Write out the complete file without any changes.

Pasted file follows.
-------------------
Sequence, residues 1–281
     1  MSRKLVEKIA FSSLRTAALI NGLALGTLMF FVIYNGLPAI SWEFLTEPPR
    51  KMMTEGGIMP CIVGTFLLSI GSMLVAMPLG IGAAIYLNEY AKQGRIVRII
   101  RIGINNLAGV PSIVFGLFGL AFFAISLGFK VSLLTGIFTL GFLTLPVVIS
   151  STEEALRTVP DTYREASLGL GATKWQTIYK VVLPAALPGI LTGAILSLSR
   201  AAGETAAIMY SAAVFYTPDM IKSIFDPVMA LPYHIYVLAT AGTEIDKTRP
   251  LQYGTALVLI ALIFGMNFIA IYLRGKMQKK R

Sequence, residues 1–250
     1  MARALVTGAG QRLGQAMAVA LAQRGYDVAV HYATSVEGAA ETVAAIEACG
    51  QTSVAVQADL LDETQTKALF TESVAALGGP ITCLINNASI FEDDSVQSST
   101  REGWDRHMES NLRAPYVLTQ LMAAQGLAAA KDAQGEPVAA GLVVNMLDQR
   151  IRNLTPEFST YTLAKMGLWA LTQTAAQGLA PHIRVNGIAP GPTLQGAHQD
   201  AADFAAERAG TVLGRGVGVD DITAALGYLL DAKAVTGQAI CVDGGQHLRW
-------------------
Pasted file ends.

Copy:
Sequence, residues 1–281
     1  MSRKLVEKIA FSSLRTAALI NGLALGTLMF FVIYNGLPAI SWEFLTEPPR
    51  KMMTEGGIMP CIVGTFLLSI GSMLVAMPLG IGAAIYLNEY AKQGRIVRII
   101  RIGINNLAGV PSIVFGLFGL AFFAISLGFK VSLLTGIFTL GFLTLPVVIS
   151  STEEALRTVP DTYREASLGL GATKWQTIYK VVLPAALPGI LTGAILSLSR
   201  AAGETAAIMY SAAVFYTPDM IKSIFDPVMA LPYHIYVLAT AGTEIDKTRP
   251  LQYGTALVLI ALIFGMNFIA IYLRGKMQKK R

Sequence, residues 1–250
     1  MARALVTGAG QRLGQAMAVA LAQRGYDVAV HYATSVEGAA ETVAAIEACG
    51  QTSVAVQADL LDETQTKALF TESVAALGGP ITCLINNASI FEDDSVQSST
   101  REGWDRHMES NLRAPYVLTQ LMAAQGLAAA KDAQGEPVAA GLVVNMLDQR
   151  IRNLTPEFST YTLAKMGLWA LTQTAAQGLA PHIRVNGIAP GPTLQGAHQD
   201  AADFAAERAG TVLGRGVGVD DITAALGYLL DAKAVTGQAI CVDGGQHLRW